Pinkham noted that he thinks average CEO salary figures reported for the banking industry, or a region, aren’t as meaningful as those reported by bank asset size.

“You need to analyze by peer group,” he said – for example, comparing all banks that are 5 years old and have $150 million in assets.

Nordstrom noted that the type of charter a bank has also influences salary, especially at the senior level.

“You’ll see big differentials between a stock and a mutual company,” he said. “We [at Farmington Savings] are not publicly traded, so Â… we have no stock options or other influences on pay,” especially at the CEO level.

As a result, “We are not going to have as much of a fluctuation in overall compensation to the CEO,” he added.

None of the salary surveys differentiated between men’s and women’s salaries at banks. Pinkham said he was not aware of any such data out there, other than the occasional article about the “glass ceiling.”

Bank Analyst Kevin Timmons of Albany, N.Y.-based CL King & Assoc. said executive salary increases probably will slow in the coming years, due to increased competition from other financial service providers.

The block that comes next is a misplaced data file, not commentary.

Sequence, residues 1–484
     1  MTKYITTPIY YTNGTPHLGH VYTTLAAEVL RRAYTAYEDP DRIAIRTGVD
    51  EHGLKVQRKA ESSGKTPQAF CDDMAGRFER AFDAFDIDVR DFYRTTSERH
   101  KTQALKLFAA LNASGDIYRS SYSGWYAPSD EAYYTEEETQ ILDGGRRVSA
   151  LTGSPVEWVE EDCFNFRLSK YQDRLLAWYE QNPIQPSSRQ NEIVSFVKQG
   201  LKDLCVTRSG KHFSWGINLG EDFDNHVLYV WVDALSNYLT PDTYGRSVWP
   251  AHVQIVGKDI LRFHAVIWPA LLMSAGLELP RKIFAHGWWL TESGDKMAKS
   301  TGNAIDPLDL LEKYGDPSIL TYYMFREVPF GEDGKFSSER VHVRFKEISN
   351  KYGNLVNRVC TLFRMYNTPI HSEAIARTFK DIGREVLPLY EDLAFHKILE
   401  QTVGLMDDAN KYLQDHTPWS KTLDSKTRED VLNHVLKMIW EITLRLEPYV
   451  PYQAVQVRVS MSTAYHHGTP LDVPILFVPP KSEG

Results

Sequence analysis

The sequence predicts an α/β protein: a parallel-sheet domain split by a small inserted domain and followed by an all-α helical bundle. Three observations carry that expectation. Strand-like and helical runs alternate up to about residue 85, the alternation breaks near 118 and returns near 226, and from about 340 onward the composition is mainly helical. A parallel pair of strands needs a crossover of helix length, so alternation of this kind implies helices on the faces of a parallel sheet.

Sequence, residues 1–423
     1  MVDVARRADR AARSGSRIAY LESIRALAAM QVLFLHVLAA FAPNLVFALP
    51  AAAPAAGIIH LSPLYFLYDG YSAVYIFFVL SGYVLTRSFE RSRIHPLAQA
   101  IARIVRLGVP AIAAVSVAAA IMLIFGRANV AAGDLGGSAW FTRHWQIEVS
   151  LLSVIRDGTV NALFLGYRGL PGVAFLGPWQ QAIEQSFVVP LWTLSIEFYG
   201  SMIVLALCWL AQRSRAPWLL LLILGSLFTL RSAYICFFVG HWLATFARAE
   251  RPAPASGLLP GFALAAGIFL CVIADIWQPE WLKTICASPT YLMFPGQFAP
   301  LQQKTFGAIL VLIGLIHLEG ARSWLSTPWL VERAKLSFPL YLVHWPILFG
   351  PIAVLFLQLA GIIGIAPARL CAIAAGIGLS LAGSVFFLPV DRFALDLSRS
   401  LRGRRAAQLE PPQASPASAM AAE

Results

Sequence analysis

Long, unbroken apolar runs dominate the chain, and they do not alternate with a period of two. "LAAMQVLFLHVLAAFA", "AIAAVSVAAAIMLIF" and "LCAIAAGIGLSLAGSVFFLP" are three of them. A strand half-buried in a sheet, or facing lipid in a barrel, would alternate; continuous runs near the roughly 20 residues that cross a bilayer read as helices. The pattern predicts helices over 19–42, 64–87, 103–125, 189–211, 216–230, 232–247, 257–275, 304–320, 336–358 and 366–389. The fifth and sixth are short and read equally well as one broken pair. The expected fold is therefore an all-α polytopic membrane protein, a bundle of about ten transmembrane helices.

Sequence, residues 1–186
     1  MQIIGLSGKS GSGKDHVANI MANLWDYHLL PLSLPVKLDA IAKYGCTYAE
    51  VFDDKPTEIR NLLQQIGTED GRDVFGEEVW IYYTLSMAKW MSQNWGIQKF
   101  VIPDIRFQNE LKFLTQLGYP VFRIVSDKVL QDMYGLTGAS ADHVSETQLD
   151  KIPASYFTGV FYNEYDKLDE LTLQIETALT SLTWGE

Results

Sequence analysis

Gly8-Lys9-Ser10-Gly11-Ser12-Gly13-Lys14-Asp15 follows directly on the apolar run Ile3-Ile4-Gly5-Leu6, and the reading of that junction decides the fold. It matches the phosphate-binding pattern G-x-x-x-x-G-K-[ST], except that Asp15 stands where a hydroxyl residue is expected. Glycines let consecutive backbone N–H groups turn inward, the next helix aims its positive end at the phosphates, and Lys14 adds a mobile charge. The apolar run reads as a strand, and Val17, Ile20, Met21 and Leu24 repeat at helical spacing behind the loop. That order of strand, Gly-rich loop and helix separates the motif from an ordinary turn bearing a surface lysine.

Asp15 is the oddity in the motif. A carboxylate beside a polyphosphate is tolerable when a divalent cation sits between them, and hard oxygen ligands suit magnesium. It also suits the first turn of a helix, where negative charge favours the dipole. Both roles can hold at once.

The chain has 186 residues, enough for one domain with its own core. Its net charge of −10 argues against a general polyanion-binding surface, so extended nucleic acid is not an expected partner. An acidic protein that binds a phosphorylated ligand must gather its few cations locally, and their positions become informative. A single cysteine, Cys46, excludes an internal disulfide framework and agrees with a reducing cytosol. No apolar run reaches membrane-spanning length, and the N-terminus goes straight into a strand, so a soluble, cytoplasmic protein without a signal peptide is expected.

Among the average base salaries for major banking positions in New England identified by the ACB survey: Chief Operating Officer, $134,500 (compared to $132,800 nationwide); Chief Financial Officer, $129,400 (compared to $117,700); Corporate Secretary, $48,800 (compared to $63,200); Chief Lending Officer, $129,800 (compared to $118,500); Chief Information Systems Officer, $94,700 (compared to $92,700); Chief Internal Auditor, $76,800 (compared to $73,000); Senior Mortgage Loan Officer, $75,800 (compared to $45,900); Commissioned Mortgage Loan Officer, $35,100 (compared to $33,600); Salaried Mortgage Loan Officer, $46,600 (compared to $41,000); Commercial Loan Officer II, $94,300 (compared to $78,700); and Teller, $22,000 (compared to $20,200).

That survey measured responses from 361 banks, about 10 percent of those solicited.